Reid announces support for Bernanke

Senate Majority Leader Harry ReidHarry Mason ReidTrump presses GOP to change Senate rules Only thing Defense’s UFO probe proves is power of political favors Nevada Democrat accused of sexual harassment reconsiders retirement: report MORE (D-Nev.) said late on Friday that he supports Ben Bernanke for a second term as Federal Reserve chairman.

The statement came after stock markets closed and amid a day of uncertainty about whether Bernanke had the necessary votes for confirmation. Reid himself had issued a vague statement on Thursday about whether he would support Bernanke.

"While I will vote for his confirmation, my support is not unconditional," Reid said in a statement. "I know Chairman Bernanke is committed to transparency and accountability, and that is why I will hold him to the highest standards of both."

Most analysts believe Bernanke will win confirmation, but there are at least 13 definite votes in opposition. The stock markets took a plunge on Friday amid the uncertainty of Bernanke's confirmation. His term is up on Jan. 31.

"I made it clear that to merit confirmation, Chairman Bernanke must redouble his efforts to ensure families can access the credit they need to buy or keep their home, send their children to college or start a small business," Reid said. "He has assured me he will soon outline plans for making that happen, and I eagerly await them."

Sixteen lawmakers in the Banking Committee backed Bernanke's nomination and seven who voted no. Assuming those lawmakers do not change their positions, there are now 25 senators who back Bernanke and 13 who oppose him, according to a survey conducted on Friday by The Hill. Many offices declined to comment or indicated their boss was undecided.

Legislators who oppose Bernanke that do not sit on the Banking Committee include Sens. Jim InhofeJames (Jim) Mountain InhofeHouse members urge Senate to confirm Trump's NASA nominee Senators to Trump: Keep pressure on North Korea while exploring talks Why did this administration back the Palestine Liberation Organization in terrorism case? MORE (R-Okla.), Jeff SessionsJefferson (Jeff) Beauregard SessionsHouse Dem moves to force vote on bill protecting Mueller Toobin goes off on Dershowitz for ‘carrying water’ for Trump Overnight Regulation: Groups sue over decision to end pay-data rule | EU proposes tax on tech companies | Sessions issues memo on death penalty for drug cases | Pruitt spent 5K on first class flights MORE (R-Ala.), Russ Feingold (D-Wis.), Bernard Sanders (I-Vt.), Byron Dorgan (D-N.D.) and Barbara BoxerBarbara Levy BoxerThe ‘bang for the buck’ theory fueling Trump’s infrastructure plan Kamala Harris endorses Gavin Newsom for California governor Dems face hard choice for State of the Union response MORE (D-Calif.).

Lawmakers not on the Banking panel who back Bernanke include Sens. Reid, Lamar AlexanderAndrew (Lamar) Lamar AlexanderOvernight Health Care: What to expect in omnibus | HIV expert to head CDC | Sessions issues memo on death penalty for drug cases HIV expert named CDC director GOP lawmakers blast Dems for opposing ObamaCare fix MORE (R-Tenn.), Richard BurrRichard Mauze BurrOvernight Cybersecurity: Zuckerberg breaks silence on Cambridge Analytica | Senators grill DHS chief on election security | Omnibus to include election cyber funds | Bill would create 'bug bounty' for State Omnibus to include election cybersecurity funds Overnight Cybersecurity: Senate Intel releases election security findings | Facebook to meet with officials on Capitol Hill amid Cambridge Analytica fallout | Orbitz admits possible breach MORE (R-N.C.), Richard Lugar (R-Ind.), Susan CollinsSusan Margaret CollinsCollins: 'Extremely disappointing' ObamaCare fix left out of spending deal Overnight Cybersecurity: Zuckerberg breaks silence on Cambridge Analytica | Senators grill DHS chief on election security | Omnibus to include election cyber funds | Bill would create 'bug bounty' for State GOP lawmakers blast Dems for opposing ObamaCare fix MORE (R-Maine), Mary LandrieuMary Loretta LandrieuSenate GOP rejects Trump’s call to go big on gun legislation Project Veritas at risk of losing fundraising license in New York, AG warns You want to recall John McCain? Good luck, it will be impossible MORE (D-La.), Jeff Bingaman (D-N.M.), Tom CarperThomas (Tom) Richard CarperWarren turns focus to Kushner’s loans Overnight Energy: Dems probe EPA security contract | GAO expands inquiry into EPA advisory boards | Dems want more time to comment on drilling plan Overnight Regulation: Senate takes first step to passing Dodd-Frank rollback | House passes bill requiring frequent reviews of financial regs | Conservatives want new checks on IRS rules MORE (D-Del.) and Max BaucusMax Sieben BaucusFarmers hit Trump on trade in new ad Feinstein’s trouble underlines Democratic Party’s shift to left 2020 Dems pose a big dilemma for Schumer MORE (D-Mont.).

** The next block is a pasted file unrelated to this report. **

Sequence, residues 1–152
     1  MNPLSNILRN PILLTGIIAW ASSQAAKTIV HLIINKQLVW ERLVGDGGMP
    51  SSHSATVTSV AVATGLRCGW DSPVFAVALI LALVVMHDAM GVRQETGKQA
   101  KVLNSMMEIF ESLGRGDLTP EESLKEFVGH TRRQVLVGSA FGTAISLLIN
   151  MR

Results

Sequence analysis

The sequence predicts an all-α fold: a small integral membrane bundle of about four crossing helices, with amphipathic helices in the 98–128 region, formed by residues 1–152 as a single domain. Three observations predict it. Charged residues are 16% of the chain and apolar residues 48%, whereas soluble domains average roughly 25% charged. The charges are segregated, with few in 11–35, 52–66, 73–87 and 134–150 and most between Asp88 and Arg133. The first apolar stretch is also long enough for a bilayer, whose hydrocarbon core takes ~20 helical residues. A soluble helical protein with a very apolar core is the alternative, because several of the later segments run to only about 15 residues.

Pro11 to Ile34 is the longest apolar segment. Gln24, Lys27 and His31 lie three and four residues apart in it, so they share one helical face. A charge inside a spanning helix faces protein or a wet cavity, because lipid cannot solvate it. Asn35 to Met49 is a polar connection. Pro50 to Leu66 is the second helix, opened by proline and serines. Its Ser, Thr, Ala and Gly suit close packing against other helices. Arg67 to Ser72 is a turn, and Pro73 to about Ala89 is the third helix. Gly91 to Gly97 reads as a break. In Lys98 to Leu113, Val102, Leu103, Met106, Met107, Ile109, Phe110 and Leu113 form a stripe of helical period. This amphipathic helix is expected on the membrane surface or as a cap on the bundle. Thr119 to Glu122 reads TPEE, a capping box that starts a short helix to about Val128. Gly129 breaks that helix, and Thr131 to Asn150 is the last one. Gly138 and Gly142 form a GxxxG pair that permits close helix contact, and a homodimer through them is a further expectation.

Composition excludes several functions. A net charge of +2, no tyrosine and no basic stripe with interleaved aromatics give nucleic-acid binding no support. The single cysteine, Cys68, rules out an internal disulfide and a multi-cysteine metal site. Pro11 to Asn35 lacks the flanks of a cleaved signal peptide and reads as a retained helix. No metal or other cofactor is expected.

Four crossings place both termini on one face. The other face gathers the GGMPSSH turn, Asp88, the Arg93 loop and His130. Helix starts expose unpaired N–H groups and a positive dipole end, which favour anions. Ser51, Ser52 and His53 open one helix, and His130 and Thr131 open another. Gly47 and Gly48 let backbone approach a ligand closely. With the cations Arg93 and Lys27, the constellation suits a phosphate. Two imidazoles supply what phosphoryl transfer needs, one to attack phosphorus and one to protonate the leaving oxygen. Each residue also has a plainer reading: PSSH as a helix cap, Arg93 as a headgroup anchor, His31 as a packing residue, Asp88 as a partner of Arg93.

A few lawmakers, including Sen. Sherrod BrownSherrod Campbell BrownDemocratic senator: People don’t know what’s going on between Trump and Putin Power struggle threatens to sink bank legislation Pension committee must deliver on retirement promise MORE (D-Ohio), may vote differently on Bernanke's nomination when it hits the floor. Brown voted for Bernanke in committee.

Wall Street is very anxious about Bernanke's nomination. In a memo issued Friday afternoon titled, "Is it time to hit the panic button?", Mike Feroli of J.P. Morgan Research wrote, "A 'no' vote on Bernanke would rightly be read as a politicization of monetary policy, which has been without fail associated with poor economic outcomes: uncertaintly would ramp up, inflation risk premium would increase, the cost of capital would rise accordingly, and the real economy and labor markets would suffer. In short, it would be an economic policy mistake of colossal proportions."

Matthew Coleman and Anthony C. Lange contributed this article, which was updated at 6:25 p.m.